Read about the COVID-X data anonymisation experience in the COVID-X Anonymisation Guide.
Is healthcare data just statistics or undiscovered treasure waiting to be found? According to the Web Tribunal, more data was generated in the last two years than in the entire human history before that. Yet, surprisingly, most of the collected data never gets used or analysed. Given the potential benefits data could bring in the healthcare sector, especially when tackling global pandemics, this seems like an unnecessary waste of opportunities. Web Tribunal also states that analysing patients’ data to improve their treatment is predicted to improve ER treatment by reducing the length of stay by 40% and improving its effectiveness by 50%. And financially speaking, the medical sector could save up to $300 billion yearly only by boosting data-driven research and treatment.
However, using clinical data represents a complex process of assuring that patients’ rights are protected through the data anonymisation process.In the words of Servicio Madrileño de Salud (SERMAS), one of the COVID-X clinical partners and ambassadors:
“Data anonymization defines the methodology and the set of good practices and techniques that reduce the risk of identifying individuals, the irreversibility of the anonymization process and the audit of the exploitation of anonymized data, monitoring who, when and what they are used for. In other words, it covers both the objective of anonymization and that of mitigating the risk of re-identification, the latter being a key aspect.”
However, technological advances can’t guarantee complete patient anonymity and many medical institutions are still reluctant to deal with the big risks of data breaches. On top of that, the healthcare sector is facing the daunting process of fulfilling the legal requirements of GDPR and other data protection regulations. The legal mandatories are, understandably, set up in a way to protect the patient from the risk of re-identification and data abuse. Still, major sanctions for non-compliance and loss of confidentiality are great risk factors for staggering the use of anonymised data and its ground-breaking benefits for all humankind.
The COVID-X project, as the platform envisioned to unlock the full capacity of data in fighting COVID-19, integrates data anonymisation in the core of its being. Feeding and training innovative Game Changers’ algorithms for coronavirus prognosis and diagnostics with the anonymised data collected through 3 clinical pilot sites and COVID-X Sandbox proved to be the biggest “Game Changer” itself.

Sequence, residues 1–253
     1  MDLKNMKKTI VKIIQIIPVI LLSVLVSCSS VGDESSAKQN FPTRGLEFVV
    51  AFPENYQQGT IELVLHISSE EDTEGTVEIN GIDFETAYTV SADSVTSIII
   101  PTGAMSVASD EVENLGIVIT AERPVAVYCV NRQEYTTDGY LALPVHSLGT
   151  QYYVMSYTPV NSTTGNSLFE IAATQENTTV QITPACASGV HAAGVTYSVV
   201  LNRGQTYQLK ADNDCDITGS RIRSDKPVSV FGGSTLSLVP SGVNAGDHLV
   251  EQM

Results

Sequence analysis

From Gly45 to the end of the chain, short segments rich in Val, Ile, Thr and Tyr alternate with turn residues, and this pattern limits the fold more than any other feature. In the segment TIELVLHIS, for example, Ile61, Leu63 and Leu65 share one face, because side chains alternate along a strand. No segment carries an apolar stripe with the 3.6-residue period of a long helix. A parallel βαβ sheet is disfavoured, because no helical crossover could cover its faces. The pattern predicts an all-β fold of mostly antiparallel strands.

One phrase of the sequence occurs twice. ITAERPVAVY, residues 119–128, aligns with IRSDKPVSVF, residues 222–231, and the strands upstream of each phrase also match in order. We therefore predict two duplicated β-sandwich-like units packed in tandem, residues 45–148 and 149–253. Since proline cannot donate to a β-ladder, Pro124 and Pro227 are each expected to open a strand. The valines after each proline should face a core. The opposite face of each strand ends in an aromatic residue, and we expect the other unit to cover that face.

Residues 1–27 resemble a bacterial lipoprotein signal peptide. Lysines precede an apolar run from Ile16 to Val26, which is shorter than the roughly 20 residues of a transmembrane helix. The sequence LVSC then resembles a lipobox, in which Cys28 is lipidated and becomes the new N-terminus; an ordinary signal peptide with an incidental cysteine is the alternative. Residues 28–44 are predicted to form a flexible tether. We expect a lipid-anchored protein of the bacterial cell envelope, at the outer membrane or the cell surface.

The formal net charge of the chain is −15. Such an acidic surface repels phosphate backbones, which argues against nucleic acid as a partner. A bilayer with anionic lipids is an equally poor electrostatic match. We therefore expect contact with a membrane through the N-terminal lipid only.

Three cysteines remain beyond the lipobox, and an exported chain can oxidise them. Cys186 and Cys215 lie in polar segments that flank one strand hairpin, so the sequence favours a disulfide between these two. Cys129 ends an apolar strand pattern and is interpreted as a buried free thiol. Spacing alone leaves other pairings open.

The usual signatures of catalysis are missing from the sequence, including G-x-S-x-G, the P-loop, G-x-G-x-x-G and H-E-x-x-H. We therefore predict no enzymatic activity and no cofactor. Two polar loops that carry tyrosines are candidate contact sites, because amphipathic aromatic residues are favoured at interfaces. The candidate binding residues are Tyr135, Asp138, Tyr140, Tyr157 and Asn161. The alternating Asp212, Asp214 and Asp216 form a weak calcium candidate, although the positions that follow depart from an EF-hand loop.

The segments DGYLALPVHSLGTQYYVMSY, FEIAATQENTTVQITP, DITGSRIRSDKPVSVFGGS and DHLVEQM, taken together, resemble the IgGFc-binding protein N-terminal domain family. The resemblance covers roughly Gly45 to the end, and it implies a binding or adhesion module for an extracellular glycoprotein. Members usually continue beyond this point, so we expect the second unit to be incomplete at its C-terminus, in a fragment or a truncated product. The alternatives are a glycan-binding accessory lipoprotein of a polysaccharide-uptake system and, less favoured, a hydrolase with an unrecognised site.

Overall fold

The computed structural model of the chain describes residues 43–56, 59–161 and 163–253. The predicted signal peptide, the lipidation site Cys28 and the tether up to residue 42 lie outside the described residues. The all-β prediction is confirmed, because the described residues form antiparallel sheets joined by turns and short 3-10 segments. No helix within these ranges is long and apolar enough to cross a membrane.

Furthermore, anonymising large amounts of data for the purpose of the project produced fruitful results in more than one way. More specifically, project consortium partners helped facilitate the data anonymisation process by summarizing key requirements and steps in the COVID-X Anonymisation Guide. SERMAS and 8Bells, as the guide’s authors, managed to pour into one document their data collection and anonymisation experience for COVID-X purposes. This guide, designed as a tool to help the COVID-X consortium members and as the Anonymization Policy mandatory for COVID-X participants, covers best practices regarding technical, organisational and regulatory aspects of the data anonymisation procedure.
From k-anonymisation to data reduction, aspiring tech engineers in the healthcare sector can utilize the Guide for possible anonymisation techniques, all while following the step-by-step COVID-X Anonymization Protocol.
The Anonymisation Guide also highlights the key organisational aspects to reducing risks of uncontrolled access and unauthorized use of data. The document provides an overview of the COVID-X anonymisation team and careful segregation of their roles, as well as necessary personnel training and organisational security measures, all easily replicable in other institutions kick-starting the data anonymisation process.
Last but not least, COVID-X facilitates legal compliance of the whole procedure both through D1.1 Legal and Ethical Requirements, and the Anonymisation Guide itself by leading the readers through successful risk detection and the Privacy Impact Assessment (PIA).
Unfortunately, no guideline or procedure can protect its users from every data anonymisation risk. However, it is important to keep progressing in that aspect. COVID-X Clinical Ambassador SERMAS highlighted its importance of it by stating:
“Developing a joint anonymization guide is more than necessary. Data anonymization will allow operations to be carried out with less fear of database invasion and misuse by partners. This process will indirectly contribute to productivity and more results will follow.”
Read more at this link.